Global banking in a state of constant crisis
Risks of another financial collapse are rising. What are the underlying weaknesses within the banking system that underpins the livelihoods of billions?
When Silicon Valley Bank fell apart in March, it happened fast.
The United State’s 16th-largest lender found itself trying to cover bond losses it couldn’t meet after gambling on low interest rates and losing. The bank’s clientele tried to withdraw money all at once, taking deposits worth $42 billion out the door. In under 48 hours, the bank had failed.
Days later, Credit Suisse, one of the foundational pillars in the global banking system, took $54 billion from the Swiss government to ensure it wouldn’t fail.
The bank that “built modern Switzerland”, was acquired by compatriot UBS who themselves had been bailed out by the Swiss National Bank 15 years earlier.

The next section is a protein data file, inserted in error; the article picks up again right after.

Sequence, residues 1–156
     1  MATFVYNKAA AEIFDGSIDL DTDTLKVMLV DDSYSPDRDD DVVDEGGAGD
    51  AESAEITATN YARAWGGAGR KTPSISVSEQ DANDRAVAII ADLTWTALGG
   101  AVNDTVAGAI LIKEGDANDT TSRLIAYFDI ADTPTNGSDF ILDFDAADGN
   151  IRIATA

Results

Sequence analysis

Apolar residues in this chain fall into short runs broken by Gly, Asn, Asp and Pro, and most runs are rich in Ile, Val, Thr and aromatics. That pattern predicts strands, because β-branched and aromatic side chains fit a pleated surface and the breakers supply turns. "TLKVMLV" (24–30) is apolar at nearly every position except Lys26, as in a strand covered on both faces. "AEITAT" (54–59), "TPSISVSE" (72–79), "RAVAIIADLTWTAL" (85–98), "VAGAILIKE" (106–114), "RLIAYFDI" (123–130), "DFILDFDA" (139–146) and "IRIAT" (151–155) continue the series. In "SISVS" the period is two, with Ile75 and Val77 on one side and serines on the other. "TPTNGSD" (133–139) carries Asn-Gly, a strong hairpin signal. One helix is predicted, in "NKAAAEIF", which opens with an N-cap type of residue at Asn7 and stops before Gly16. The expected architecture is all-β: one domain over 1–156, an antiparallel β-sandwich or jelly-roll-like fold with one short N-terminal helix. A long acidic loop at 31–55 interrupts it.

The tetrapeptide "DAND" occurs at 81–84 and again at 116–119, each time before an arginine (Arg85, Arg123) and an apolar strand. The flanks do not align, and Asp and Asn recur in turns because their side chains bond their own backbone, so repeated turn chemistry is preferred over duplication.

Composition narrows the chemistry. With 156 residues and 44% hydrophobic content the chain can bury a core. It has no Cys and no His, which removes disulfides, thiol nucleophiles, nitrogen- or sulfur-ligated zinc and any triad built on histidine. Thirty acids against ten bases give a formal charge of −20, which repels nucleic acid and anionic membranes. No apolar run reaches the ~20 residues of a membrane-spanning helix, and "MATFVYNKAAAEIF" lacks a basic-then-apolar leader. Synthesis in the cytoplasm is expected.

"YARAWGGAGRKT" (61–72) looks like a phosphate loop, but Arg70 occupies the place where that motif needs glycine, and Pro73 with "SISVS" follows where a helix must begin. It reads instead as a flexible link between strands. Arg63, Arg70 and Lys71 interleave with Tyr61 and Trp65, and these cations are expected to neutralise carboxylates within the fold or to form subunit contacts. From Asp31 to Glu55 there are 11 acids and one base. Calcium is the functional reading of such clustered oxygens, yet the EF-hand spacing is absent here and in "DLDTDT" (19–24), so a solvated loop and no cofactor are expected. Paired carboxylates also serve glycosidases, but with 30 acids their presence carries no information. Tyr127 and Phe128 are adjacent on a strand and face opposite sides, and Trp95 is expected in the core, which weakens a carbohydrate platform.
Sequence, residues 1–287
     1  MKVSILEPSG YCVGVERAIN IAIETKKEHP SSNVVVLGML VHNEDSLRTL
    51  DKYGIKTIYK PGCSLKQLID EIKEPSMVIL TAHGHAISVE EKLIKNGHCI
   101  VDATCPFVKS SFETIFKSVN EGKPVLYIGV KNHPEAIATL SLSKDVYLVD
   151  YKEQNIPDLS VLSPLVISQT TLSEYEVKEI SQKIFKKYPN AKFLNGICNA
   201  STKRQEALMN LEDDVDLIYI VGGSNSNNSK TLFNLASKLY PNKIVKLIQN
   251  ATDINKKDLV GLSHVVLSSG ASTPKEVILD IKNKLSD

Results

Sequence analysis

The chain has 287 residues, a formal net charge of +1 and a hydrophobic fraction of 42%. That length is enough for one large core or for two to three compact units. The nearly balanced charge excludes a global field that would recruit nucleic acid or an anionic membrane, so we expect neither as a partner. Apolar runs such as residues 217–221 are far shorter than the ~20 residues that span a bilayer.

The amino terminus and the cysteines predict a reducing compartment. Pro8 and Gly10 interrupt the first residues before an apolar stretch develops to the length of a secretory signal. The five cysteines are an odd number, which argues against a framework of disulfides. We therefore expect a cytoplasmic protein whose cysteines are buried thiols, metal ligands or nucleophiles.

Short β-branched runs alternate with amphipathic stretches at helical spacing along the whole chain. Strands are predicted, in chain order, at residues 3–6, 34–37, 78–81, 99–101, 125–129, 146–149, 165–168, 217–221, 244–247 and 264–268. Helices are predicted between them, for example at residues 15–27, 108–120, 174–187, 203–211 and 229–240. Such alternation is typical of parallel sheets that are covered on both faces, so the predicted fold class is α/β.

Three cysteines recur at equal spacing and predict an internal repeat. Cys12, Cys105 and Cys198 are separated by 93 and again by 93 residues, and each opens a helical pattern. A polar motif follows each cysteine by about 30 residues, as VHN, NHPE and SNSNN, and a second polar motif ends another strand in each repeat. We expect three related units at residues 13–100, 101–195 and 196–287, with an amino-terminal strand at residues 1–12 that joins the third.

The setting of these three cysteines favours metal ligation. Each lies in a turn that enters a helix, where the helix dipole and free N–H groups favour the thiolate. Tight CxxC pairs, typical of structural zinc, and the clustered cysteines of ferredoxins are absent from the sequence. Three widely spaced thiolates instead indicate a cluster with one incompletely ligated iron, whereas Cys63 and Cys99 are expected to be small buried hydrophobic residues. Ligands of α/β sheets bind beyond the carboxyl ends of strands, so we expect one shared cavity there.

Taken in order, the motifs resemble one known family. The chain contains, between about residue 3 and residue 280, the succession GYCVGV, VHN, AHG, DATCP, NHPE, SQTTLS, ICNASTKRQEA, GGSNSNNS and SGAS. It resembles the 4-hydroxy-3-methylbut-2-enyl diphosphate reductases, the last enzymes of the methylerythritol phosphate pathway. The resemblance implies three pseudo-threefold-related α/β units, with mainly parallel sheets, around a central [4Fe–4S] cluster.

In their place stood a mega bank managing more than $5 trillion in assets and taking on more risk in a volatile market.
The global banking system appears on the brink of perpetual crisis, flirting with disaster, taking on new risk, and challenging conventions of trust and governance. Some people believe that is the cost of doing business.
The weaknesses within the system are threatening its ability to withstand the stress it is currently under.
With a recession looking increasingly likely, banks need to protect themselves, not merely for survival, but for the role they play in global commerce that underpins the livelihoods of billions.
Some experts see a better way forward.
Teaching the industry that the bottom line is not their only priority and developing the concept that a bold, innovative banking system should work for the interests of the community, not against them.